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June 4, 2010 Friday 3:13 PM EST
SECTION: NEWS & COMMENTARY; Economy and Politics; Capitol Report
LENGTH: 1557 words
HEADLINE: Do bank bills prepare for next financial collapse?
BYLINE: Ronald D. Orol, MarketWatch mailto:firstname.lastname@example.org.
Ronald D. Orol is a MarketWatch reporter, based in Washington.
WASHINGTON (MarketWatch) — The Senate has approved the most significant expansion of the regulations governing U.S. financial firms since the Great Depression, yet as the rules inch closer to becoming law, legislative observers worry that the major changes won’t be enough to ward off a future economic crisis.
“Big banks will have every advantage in the credit market to get bigger and riskier if this bill passes, and we won’t have solved ‘too big to fail,” said Simon Johnson, Massachusetts Institute of Technology Sloan School of Management professor and former International Monetary Fund economic counselor. “In many ways, you’ve moved a huge step closer to becoming Greece.”
Johnson argues that the only real way to limit future crises is to break up the big banks so no bank failure can cause collateral damage to the markets.
Instead, the more than 1,600-page legislative package — which passed the Senate with the backing of four Republicans — includes new varied costs and stronger capital limits on big banks, tough new rules for credit-rating agencies and a one-time audit of the Federal Reserve.
It permits bank regulators to break up big banks but does not require them to do so, as Johnson and others are advocating, and it seeks to impose new record-keeping, reporting and capital requirements onto a huge swath of the opaque $450 trillion derivatives market.
The Senate legislation would have to be reconciled with a bill approved by the House that contains many similar and different provisions. Top members of both chambers are scheduled to begin negotiating their bills on Wednesday, with a goal of having a final bill on the president’s desk for his signature before July 4.
Specifically, the Senate legislation seeks to avoid a repeat of the drawn-out and disorderly bankruptcy process for Lehman Brothers Holdings Inc. (LEHMQ) last September that led to a cascade of defaults that shook financial markets and rippled through the global economy.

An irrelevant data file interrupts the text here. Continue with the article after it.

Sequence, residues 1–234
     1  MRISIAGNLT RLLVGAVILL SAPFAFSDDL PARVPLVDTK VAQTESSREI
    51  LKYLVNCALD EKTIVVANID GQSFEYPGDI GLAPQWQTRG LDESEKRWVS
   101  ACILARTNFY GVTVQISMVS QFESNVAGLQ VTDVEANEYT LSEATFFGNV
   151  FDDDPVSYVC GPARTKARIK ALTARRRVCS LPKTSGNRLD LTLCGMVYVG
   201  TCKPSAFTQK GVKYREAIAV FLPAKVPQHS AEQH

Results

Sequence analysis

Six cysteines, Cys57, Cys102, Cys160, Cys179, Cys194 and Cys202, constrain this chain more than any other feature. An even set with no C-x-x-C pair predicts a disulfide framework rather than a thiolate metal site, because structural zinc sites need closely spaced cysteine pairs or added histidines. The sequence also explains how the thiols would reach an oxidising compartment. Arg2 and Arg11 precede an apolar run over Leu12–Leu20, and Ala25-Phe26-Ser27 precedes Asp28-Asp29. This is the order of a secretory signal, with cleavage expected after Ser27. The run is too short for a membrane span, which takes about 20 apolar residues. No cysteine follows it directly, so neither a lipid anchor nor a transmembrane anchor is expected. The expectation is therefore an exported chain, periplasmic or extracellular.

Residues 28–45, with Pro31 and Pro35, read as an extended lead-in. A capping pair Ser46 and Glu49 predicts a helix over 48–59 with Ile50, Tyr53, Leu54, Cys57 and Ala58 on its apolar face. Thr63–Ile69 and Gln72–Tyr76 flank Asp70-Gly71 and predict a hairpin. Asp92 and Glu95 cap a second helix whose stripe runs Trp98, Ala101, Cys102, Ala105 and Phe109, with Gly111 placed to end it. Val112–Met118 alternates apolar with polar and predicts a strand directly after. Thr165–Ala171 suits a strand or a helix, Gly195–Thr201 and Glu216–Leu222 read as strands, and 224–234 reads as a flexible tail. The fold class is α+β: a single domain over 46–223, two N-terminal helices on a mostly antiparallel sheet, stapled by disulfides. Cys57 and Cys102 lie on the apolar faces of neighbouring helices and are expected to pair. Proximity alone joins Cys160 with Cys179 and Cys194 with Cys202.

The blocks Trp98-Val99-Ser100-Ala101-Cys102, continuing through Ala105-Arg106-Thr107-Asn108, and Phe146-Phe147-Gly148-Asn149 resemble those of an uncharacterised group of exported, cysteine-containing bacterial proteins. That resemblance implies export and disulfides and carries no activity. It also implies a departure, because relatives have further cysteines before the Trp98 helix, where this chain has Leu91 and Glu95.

It would set up a mechanism to dismantle a failing big bank that’s determined to be so big or so interconnected that if it collapsed suddenly it would threaten the economy’s stability. In the event of a impending implosion, the legislation would use taxpayer dollars to make partial payments to “healthy” creditors and counterparties of a failing megafirm so that they wouldn’t go down with it. Once economic disaster is averted, the bill would seek to recoup the costs from big banks.
With one provision, regulators could borrow $1.8 trillion from taxpayers to fund the resolution of an institution with $2 trillion in assets.
MIT’s Johnson said he believes that in the event of another economic implosion, the U.S. resolution authority wouldn’t do enough to limit the crisis caused by a failing big bank, in part because the megafirms likely to cause future crises are global in nature.
Countries wouldn’t come to agreement on how to divide up the costs of a failing big bank, according to Johnson, which like Lehman Brothers will likely have thousands of contracts traversing over a dozen national borders. “When a big bank fails, countries will not agree to a cross-border resolution authority,” he added. “You would still end up with the haphazard approach we had in this crisis.”
Christopher Whalen, managing director of Institutional Risk Analytics, in Torrance, Calif., said that — like in the crisis that shook the economy in September 2008 — it would be difficult for bank regulators to differentiate between the healthy and failing institutions.
“At a given point in time they are all insolvent,” he commented.
Another problem: Unlike the House bill, the Federal Deposit Insurance Corp. would be prohibited from guaranteeing the debt of solvent institutions during a crisis until it receives prior approval from Congress, a hurdle the Obama administration is furiously working to remove.
Brookings Institution analyst Douglas Elliott agreed the restriction would make it more difficult to rein in a growing crisis at a critical time. “You could have a severe enough crisis where we really should be bailing out some firms to save the economy. What you may end up having is the chaotic kind of approach that we just experienced,” Elliott remarked.
Whalen warns the House provision raises all sorts of problems, leaving taxpayers more exposed, not less. He said the FDIC’s handling of the September 2008 crisis with guarantees is a classic example of a government regulator handling an economic emergency in a way that did not cost taxpayers money.